Donald Trump
16 March 2017: US President Donald Trump attends the Friends of Ireland Luncheon for the visit of Taoiseach of Ireland Enda Kenny at the US Capitol in Washington, DC Saul Loeb/AFP

US President Donald Trump's promised wall between America and Mexico may not yet see the light of day, but elsewhere in the world Trump walls are going up. A Trump golf course in Ireland has had its application to build a seawall approved by authorities in the country after years of erosion, reports have said.

In a tweet, Clare County Council said it had "issued a decision to grant permission for the development of coastal erosion management works at, and adjacent to, Carrowmore Dunes, White Strand, Doughmore Bay and Trump International Golf Links and Hotel, Doonbeg, Clare."

The original application for the wall was widely mocked as it mentioned climate change and rising sea levels as a reason why the wall was neeeded. President Trump has repeatedly suggested that climate change is not real, even saying it was "created by and for the Chinese in order to make U.S. manufacturing non-competitive."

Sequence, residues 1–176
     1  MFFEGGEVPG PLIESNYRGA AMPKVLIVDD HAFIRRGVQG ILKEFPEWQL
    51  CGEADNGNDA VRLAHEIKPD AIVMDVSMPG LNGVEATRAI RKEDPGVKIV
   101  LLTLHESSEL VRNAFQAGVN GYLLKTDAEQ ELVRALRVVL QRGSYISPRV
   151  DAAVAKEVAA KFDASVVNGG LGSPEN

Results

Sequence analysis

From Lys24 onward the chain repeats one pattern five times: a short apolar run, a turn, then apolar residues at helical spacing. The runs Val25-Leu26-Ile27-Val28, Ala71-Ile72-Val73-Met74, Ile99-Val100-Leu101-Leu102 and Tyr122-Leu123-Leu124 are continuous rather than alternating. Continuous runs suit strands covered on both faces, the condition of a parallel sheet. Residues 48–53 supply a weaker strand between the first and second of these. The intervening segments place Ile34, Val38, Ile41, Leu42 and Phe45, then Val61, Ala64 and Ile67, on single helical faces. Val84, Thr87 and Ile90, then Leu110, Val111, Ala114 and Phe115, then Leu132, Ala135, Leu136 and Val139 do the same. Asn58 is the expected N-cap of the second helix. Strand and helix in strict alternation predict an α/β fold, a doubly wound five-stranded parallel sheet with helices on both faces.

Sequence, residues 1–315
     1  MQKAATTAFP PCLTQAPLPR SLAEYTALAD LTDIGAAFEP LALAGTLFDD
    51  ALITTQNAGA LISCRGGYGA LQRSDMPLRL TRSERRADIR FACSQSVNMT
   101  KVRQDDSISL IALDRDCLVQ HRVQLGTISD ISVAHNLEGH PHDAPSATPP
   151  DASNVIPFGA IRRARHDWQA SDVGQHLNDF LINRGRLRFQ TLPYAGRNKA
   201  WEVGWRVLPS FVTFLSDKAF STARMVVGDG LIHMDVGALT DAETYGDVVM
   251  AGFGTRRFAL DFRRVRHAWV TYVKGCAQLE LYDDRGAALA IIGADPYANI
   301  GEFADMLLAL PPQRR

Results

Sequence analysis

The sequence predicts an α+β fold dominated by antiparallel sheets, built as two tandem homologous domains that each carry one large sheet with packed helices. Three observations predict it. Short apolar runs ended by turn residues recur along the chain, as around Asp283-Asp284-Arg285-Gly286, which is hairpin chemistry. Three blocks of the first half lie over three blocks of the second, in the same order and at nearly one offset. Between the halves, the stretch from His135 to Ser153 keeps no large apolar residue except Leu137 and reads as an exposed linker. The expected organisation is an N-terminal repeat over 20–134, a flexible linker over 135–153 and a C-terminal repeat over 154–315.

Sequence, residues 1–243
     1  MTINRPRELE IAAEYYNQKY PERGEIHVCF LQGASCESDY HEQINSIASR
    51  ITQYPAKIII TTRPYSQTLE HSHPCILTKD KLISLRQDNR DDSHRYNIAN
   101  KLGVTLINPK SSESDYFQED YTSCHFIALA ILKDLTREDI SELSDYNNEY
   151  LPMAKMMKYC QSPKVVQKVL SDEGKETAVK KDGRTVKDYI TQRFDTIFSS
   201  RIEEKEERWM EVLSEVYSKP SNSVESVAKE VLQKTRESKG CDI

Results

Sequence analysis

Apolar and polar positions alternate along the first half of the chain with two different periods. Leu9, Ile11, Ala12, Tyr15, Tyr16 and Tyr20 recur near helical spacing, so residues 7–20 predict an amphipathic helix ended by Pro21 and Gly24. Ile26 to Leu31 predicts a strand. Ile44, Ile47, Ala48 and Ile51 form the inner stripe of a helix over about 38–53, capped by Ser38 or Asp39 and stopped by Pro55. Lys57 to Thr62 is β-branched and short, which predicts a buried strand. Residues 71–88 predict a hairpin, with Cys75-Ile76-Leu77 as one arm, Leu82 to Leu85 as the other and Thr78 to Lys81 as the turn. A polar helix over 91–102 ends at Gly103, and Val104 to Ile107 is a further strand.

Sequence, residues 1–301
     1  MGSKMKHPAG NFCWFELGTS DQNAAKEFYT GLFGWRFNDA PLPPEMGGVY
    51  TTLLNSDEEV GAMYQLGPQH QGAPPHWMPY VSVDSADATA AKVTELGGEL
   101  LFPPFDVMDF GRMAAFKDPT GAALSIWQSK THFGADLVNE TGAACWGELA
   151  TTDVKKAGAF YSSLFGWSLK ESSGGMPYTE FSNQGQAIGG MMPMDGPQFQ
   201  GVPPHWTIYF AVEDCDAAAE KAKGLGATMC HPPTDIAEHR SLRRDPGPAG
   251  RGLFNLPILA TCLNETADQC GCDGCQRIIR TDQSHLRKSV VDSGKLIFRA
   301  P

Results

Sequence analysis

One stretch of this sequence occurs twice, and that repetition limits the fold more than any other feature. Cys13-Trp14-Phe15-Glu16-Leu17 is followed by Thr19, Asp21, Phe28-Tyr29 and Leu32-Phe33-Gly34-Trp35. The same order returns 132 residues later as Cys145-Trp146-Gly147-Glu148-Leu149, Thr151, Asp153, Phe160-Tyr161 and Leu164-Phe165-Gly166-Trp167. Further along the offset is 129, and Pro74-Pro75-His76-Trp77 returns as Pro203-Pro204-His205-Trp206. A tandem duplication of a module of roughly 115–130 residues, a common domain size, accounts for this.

CNBC reported that those wanting to appeal the decision will have four weeks to do so. Trump has invested millions in the coastal course and reportedly hopes to one day host the Irish open there.

The leader of Ireland's Green Party, Eamon Ryan said that they will consider whether or not to appeal the decision on ecological grounds.

"The survival of the dunes depends on the natural circulation of the dune system, which includes the entire beach. Building a barrier in the middle of the beach is going to change the whole way the dune system works," Ryan said in a statement. "This should have been about trying to get the golf course to evolve to the changing dune system and not destroying what is a natural process.

"Of course, the ownership of the project makes this a case of public interest, but the objection was made on a scientific basis and protecting ecology rather than making a political statement. We very much understand that there are a lot of local jobs involved from the golf course, but we believe that they could be protected by working with nature, rather than trying to control the natural system."